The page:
They are some of the most important and “noteworthy” figures in British history. But according to a new survey, more than half of Brits (six in ten) cannot identify the famous faces who appear on our banknotes.
Researchers presented 2,000 adults with images of the £5, £10, £20 and £50 notes.
However just one in three were able to name philanthropist and social reformer Elizabeth Fry who is the face of the £5, with 28 percent of those polled thinking it was “The Lady with the Lamp” Florence Nightingale.
A further 10 percent thought the face belonged to Queen Victoria, while 21 percent admitted that they had no idea who she was.
Almost 35 percent failed to identify naturalist and geologist Charles Darwin, the founding father of evolutionary theory, who features on the £10 note.
Eight percent thought Darwin was engineer Isambard Kingdom Brunel, while 5 percent thought he was German born theoretical physicist Albert Einstein.
Three quarters were unaware economist Adam Smith’s face is on the £20, with 14 percent thinking it was civil engineer George Stevenson, while 13 percent thought the Duke of Wellington featured and 4 percent thought the £10 note featured German composer Wolfgang Amadeus Mozart.
Vix Leyton of cash back site Quidco, which carried out the study, said: “The research shows that Brits have an appetite for immortalising some more recent British Icons on our bank notes, and despite the worthiness of our current line up, it might be time for a refresh.
“This lack of knowledge could, in part, be explained by the rapid move towards a cashless society - exchanging bank notes is not quite so commonplace as it once was. Apple Pay and Contactless have made it so convenient to pay directly via your bank that making sure you always cash is no longer a necessity. Obviously this could mean that people don’t have so tight a grip on what they are spending.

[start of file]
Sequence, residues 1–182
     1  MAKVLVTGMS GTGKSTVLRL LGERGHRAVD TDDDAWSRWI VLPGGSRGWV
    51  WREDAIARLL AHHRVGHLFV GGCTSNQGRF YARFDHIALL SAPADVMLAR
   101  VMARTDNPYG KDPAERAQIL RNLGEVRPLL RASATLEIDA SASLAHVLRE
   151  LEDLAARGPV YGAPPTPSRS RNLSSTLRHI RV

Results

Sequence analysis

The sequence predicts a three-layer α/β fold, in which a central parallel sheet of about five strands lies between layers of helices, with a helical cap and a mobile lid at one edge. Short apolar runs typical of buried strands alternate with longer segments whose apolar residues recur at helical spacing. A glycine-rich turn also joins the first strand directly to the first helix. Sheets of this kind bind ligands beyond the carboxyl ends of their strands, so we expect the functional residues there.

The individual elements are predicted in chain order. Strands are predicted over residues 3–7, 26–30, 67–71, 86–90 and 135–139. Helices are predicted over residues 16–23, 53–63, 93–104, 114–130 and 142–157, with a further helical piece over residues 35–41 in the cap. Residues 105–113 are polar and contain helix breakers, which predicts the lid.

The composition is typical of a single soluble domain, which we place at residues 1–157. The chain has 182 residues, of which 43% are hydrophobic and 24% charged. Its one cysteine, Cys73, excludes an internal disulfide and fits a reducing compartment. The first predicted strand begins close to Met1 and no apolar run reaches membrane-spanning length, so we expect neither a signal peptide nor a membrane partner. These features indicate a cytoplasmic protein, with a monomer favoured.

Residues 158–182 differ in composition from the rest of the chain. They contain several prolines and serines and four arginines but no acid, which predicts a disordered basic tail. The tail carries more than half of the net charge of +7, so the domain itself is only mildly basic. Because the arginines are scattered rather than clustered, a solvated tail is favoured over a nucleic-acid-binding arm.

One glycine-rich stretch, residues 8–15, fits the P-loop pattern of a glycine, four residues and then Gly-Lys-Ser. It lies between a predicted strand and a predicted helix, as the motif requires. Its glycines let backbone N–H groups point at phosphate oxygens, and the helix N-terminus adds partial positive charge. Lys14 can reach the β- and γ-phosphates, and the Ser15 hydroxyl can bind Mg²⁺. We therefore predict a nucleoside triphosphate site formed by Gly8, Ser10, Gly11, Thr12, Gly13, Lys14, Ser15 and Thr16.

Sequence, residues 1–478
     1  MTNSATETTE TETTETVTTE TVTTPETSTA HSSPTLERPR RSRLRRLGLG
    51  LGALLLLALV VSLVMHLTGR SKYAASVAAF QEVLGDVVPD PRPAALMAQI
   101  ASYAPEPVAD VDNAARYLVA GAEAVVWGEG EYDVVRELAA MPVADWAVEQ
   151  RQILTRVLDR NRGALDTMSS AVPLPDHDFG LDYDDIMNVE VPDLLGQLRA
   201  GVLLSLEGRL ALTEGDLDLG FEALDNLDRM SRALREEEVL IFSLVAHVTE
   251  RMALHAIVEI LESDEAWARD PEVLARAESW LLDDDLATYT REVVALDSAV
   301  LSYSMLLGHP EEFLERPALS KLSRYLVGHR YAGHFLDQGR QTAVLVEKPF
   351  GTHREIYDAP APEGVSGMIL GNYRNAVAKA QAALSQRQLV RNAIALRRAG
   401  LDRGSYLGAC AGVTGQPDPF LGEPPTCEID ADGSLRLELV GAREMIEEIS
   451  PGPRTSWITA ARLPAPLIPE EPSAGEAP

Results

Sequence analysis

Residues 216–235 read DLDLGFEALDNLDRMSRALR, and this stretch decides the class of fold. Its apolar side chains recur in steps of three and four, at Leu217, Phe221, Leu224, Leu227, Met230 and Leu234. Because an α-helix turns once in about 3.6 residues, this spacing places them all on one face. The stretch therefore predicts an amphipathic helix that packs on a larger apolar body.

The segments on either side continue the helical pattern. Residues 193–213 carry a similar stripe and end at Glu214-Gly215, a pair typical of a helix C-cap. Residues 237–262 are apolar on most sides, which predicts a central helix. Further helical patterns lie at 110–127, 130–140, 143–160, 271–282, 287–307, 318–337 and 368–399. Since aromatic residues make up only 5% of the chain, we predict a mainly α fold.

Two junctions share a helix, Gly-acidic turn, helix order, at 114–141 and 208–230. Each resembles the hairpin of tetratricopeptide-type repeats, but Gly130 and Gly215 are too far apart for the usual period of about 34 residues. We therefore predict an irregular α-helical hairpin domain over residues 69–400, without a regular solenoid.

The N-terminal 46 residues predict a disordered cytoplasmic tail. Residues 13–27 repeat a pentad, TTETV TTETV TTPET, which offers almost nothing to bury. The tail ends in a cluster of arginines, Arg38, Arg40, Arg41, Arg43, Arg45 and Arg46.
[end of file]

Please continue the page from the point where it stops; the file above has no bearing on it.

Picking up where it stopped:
“Considered spending, whether using cash or not, is absolutely vital to budgeting - and one way to ensure you get the best for your money is to utilise cashback, whether online or in-store, to make shopping pay.”
One in three knew manufacturers Matthew Boulton and James Watt featured on the £50 but 14 percent thought it was French chemist and microbiologist Louis Pasteur and Robert Koch the German founder of bacteriology.
1960s British comedy duo Michael Flanders and Donald Swan were also mentioned (3 percent), while one percent suggested 80s comedy duo Hale and Pace were the faces in question.
The study also revealed 34 percent of those questioned felt that more current figures should feature on the notes, while 77 percent felt that more women should be recognised on our currency.
The panel also revealed a list of names of people they would like to see honoured, including The Beatles, Cilla Black and JK Rowling.
Vix Leyton of cash back site Quidco, said; “It is absolutely fantastic to see some of Britain’s best authors and artists making the top of the list, alongside national treasures like Cilla, who have made Britain world famous for creative talent with work that will live on for generations to come.”
Who Brits would like to see on banknotes:
(in order of votes)
Roald Dahl 27%
The Beatles 26%
Jane Austen 26%
JK Rowling 14%
Cilla Black 13%
Jessica Ennis Hill 10%
David Beckham 10%
Joanna Lumley 8%
Tom Jones 8%
Ant and Dec 7%
Shirley Bassey 6%
Tony Benn 6%
Simon Cowell 4%
Benedict Cumberbatch 3%
Frank Bruno 3%